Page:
Singapore’s drink scene is bubbling with new options to savour fine spirits
Local restaurants have been pulling out the stops to attract Singaporeans unable to go overseas to spend their travelling bucks with them. Now, it’s the bottle boys’ turn to dial up their game.
A flurry of new openings are bringing exclusive and rare spirits to our shores as locals increasingly seek new labels and unique experiences to satiate their wanderlust and boost their social media standing.
The growing luxury sector is also fuelling a pent-up demand. Last year, according to a Bain & Company study, Asia was the top region for luxury sales. In Knight Frank’s 2021 Wealth Report, Singapore topped a list of cities seen as urban powerhouses for the wealthy, and is projected to overtake Tokyo in terms of the number of Ultra High Net Worth Individuals (UHNWI) in the region.
Spotting the potential, family-owned Scottish distiller William Grant & Sons, which has brands like Glenfiddich, the Balvenie and Monkey Shoulder, has opened the world’s first Distillers Library in Singapore.
“As consumers become connoisseurs and then collectors, it made sense to create a space where this community of passionate collectors could come together to share, appreciate and get access to ultra-rare whiskies from our archives,” said Satya Sharma, regional managing director SEA and Australasia at William Grant & Sons.
“We chose Singapore as the first home for The Distillers Library to offer this burgeoning community of passionate collectors access to ultra-rare whisky liquids from the Grant family archives.”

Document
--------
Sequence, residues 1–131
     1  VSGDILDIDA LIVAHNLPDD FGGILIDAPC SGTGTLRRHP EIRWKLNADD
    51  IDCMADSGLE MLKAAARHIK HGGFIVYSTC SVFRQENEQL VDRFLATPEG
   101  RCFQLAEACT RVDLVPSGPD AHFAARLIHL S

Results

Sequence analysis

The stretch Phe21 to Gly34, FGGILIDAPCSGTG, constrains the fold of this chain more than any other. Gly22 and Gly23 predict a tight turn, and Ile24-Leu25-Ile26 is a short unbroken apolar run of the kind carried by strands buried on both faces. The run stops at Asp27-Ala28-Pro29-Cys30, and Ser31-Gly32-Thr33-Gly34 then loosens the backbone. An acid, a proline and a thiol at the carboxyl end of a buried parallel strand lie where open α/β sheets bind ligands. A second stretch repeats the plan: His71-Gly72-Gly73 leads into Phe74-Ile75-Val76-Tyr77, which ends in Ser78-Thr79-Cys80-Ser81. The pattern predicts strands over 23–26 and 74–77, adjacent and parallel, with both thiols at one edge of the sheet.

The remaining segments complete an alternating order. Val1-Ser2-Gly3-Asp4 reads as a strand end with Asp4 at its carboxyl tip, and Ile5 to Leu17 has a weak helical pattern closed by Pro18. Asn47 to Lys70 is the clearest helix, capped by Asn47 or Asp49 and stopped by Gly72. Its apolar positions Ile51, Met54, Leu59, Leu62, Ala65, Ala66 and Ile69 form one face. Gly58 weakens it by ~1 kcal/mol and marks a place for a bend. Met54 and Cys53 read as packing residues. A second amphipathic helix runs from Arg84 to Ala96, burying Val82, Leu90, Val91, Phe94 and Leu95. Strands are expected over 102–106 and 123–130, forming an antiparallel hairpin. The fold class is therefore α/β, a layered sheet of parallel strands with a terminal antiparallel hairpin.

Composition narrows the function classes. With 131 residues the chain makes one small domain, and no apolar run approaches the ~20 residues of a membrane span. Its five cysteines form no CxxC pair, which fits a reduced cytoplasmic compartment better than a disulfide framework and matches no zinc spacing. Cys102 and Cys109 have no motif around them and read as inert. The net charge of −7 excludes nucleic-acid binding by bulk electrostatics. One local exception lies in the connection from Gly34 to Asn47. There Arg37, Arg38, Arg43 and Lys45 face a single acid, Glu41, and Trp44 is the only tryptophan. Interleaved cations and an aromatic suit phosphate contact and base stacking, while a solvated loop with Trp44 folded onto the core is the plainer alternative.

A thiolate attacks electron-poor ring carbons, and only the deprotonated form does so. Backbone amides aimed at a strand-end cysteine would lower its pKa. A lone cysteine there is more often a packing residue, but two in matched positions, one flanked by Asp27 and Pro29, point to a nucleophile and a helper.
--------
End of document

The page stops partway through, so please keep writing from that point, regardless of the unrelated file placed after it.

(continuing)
The invite-only space, located in the distiller’s 79 Robinson Road office, is only accessible by referral or contacting William Grant & Sons (email James.Ting [at] wgrant.com).
The lucky few get to walk through a well-hidden door into a handsome room with mahogany leather sofas and shelves of liquid gold from the Grant family archives. At a media preview, we sampled cask drawings from a 1993 Glenfiddich Bourbon Barrel that had notes of melon Starburst sweets, pear, and apple and hints of sauna wood, and a 1984 The Balvenie American Oak (only one bottle of this green-hued unicorn, resplendent in its tequila salt and butter profile, was sent to Singapore).
Rare bottlings will also be released for sale, such as the limited-edition Ladyburn 1966 Edition One collection featuring 54-year-old nectar from the long-shuttered Ladyburn distillery. A single bottle costs approximately S$30,000, or you can splash out S$350,000 on the full 11-bottle collection. There are only 10 sets of the latter, which includes a black swan bottle with a full-colour photograph.
Sharma said: “Increasingly, we’ve noticed that consumers in Singapore procure whisky for a variety of reasons, from purchasing a bottle from a specific year to commemorate an anniversary or a birthday, to collecting exceptional bottlings. Our goal with The Distillers Library is to provide our clients with a space to share in their love and knowledge of whisky, and an opportunity for exploration and learning.”